Monday, October 23, 2006

Flu Prevention Season

It's fall again, which here in the northeast means leaves changing color and falling off the trees, shorter days, and cool, rainy weather. It also means that it's time to think about getting the flu vaccine to prevent getting the flu between now and spring time. I worked at a few local flu shot clinics this past week and because of some comments I heard I thought I should share what I know with the blogging community.
According to the Center for Disease Control and Prevention Flu Fact Sheet:
"Every year in the United States, on average:
5% to 20% of the population gets the flu;
more than 200,000 people are hospitalized from flu complications, and;
about 36,000 people die from flu.
Some people, such as older people, young children, and people with certain health conditions, are at high risk for serious flu complications."
For as long as I can remember, I've had a flu vaccine every October or November and never had the flu or any reaction to the shot. Some people, such as those who have had severe reactions in the past to it, or are allergic to eggs should not receive the flu vaccine because they could have an allergic reation to it. Please see the CDC website above or talk to your MD for a full list of who shouldn't receive the vaccine. For the purposes of this post, I'm just going to mention a few scenarios that might apply to you and would be good reasons for someone to consider receiving the flu vaccine.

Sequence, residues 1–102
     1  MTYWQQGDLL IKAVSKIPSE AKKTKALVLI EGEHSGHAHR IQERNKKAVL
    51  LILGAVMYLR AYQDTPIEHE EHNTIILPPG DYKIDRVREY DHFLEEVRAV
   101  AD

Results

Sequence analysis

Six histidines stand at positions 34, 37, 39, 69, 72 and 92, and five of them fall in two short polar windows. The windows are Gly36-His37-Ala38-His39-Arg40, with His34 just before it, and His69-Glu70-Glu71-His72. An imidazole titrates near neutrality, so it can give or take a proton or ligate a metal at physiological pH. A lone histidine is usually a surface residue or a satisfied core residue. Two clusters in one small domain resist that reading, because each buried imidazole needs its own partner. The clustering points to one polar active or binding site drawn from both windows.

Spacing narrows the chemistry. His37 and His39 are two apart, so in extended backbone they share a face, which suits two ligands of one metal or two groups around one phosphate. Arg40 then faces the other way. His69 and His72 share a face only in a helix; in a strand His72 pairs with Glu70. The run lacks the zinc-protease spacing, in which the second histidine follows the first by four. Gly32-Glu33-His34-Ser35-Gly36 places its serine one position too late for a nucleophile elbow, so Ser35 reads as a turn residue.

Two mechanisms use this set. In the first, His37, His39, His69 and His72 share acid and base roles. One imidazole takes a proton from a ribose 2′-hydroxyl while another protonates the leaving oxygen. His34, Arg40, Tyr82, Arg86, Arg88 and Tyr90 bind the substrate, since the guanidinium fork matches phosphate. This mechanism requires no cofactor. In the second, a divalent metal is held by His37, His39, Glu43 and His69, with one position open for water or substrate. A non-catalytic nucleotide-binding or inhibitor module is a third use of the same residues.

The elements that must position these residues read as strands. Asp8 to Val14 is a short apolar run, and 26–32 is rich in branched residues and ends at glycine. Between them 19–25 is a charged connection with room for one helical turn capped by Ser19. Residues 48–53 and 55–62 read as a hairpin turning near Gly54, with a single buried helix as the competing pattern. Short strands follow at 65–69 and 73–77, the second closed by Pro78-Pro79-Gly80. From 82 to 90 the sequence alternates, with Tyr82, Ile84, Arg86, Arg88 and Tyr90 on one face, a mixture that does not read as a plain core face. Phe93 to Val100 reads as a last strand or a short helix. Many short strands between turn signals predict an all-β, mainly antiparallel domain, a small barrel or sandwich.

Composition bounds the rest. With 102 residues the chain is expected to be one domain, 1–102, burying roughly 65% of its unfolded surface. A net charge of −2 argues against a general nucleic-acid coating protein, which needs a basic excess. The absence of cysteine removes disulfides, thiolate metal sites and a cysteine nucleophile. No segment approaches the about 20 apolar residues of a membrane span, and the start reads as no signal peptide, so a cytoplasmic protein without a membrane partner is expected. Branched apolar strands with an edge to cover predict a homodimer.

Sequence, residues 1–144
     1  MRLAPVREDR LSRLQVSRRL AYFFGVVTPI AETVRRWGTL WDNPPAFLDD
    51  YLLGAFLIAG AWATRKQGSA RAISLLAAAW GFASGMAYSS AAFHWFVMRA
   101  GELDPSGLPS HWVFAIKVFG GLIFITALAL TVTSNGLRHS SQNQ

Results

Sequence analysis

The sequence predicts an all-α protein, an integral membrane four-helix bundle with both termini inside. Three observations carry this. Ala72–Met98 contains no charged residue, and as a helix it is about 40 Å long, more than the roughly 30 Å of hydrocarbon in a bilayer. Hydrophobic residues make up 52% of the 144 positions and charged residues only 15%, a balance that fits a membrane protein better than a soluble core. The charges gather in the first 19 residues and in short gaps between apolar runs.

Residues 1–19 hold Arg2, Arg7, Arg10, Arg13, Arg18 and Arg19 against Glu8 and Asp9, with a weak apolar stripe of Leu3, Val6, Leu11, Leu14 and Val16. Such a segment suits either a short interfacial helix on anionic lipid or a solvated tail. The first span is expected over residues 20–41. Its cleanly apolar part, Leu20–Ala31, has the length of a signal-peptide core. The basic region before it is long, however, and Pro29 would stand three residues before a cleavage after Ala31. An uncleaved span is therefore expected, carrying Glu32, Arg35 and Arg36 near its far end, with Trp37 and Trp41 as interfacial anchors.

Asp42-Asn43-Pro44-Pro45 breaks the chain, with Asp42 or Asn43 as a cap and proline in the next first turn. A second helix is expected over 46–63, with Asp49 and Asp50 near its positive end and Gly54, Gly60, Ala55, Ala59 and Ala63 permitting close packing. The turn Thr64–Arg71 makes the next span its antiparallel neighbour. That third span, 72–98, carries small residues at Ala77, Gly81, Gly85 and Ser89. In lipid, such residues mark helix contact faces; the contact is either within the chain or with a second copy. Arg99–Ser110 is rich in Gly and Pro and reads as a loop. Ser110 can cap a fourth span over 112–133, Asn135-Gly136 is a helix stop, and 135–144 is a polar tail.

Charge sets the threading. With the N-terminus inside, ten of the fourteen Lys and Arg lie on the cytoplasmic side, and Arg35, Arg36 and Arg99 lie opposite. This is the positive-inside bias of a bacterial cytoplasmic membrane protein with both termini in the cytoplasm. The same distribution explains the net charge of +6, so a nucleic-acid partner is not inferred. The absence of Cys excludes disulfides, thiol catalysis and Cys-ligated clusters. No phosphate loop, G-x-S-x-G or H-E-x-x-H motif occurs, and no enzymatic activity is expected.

1. You have children, work with children, or volunteer in your child's classroom on a regular basis. Children 6 months and older can receive the vaccine.
2. You are a healthcare provider.
3. You take care of an elderly relative on a regular basis- who should also receive the vaccine if possible.
4. Any elderly person who lives in assisted living, nursing home, or any housing that has common eating and living areas shared by many.
5. You are not a hermit, come into contact with the general public a lot, and have diabetes, heart disease, asthma, or any other chronic illness that puts you at higher risk for becoming sicker than most. Most people are contagious at least 1 day before they are truly sick and 5 days after symptoms start.
6. Anyone who doesn't like the idea of being sick for 3-7+ days.

The flu is one of the most preventable illnesses- but it's up to you to decide whether to get the vaccine or take a chance and hope that you won't get it. Currently the vaccine is in good supply, though there is some concern about future shipments. Flu season peaks between late December and early March, so now is the time to talk to your doctor about whether you should receive the vaccine this year and where to get it if they aren't giving it (the clinics I ran were at local pharmacies). Anyway, that's my public service announcement for this season, my next post will be back to my usual topics. Here's to a happy and healthy fall!


Bernard said...

Thanks for the reminder Kate.

I've already had my flu shot thanks to a local pharmacy chain. Most of the major chains (Walgreens, CVS, etc.) in the Northeast start offering flu clinics in various branches at the start of October.

Depending on your insurance coverage the cost is either free, or about $25.

For the last few years, I've found this is a much more reliable way to get an early flu shot, than depending on my doctors office.

Kate said...

No problem, I figured since I had some interesting comments at the clinics everyone could use a gentle reminder:) And yes, sometimes it is more reliable to get a flu shot at a clinic depending on the doctors office and how they handle flu season.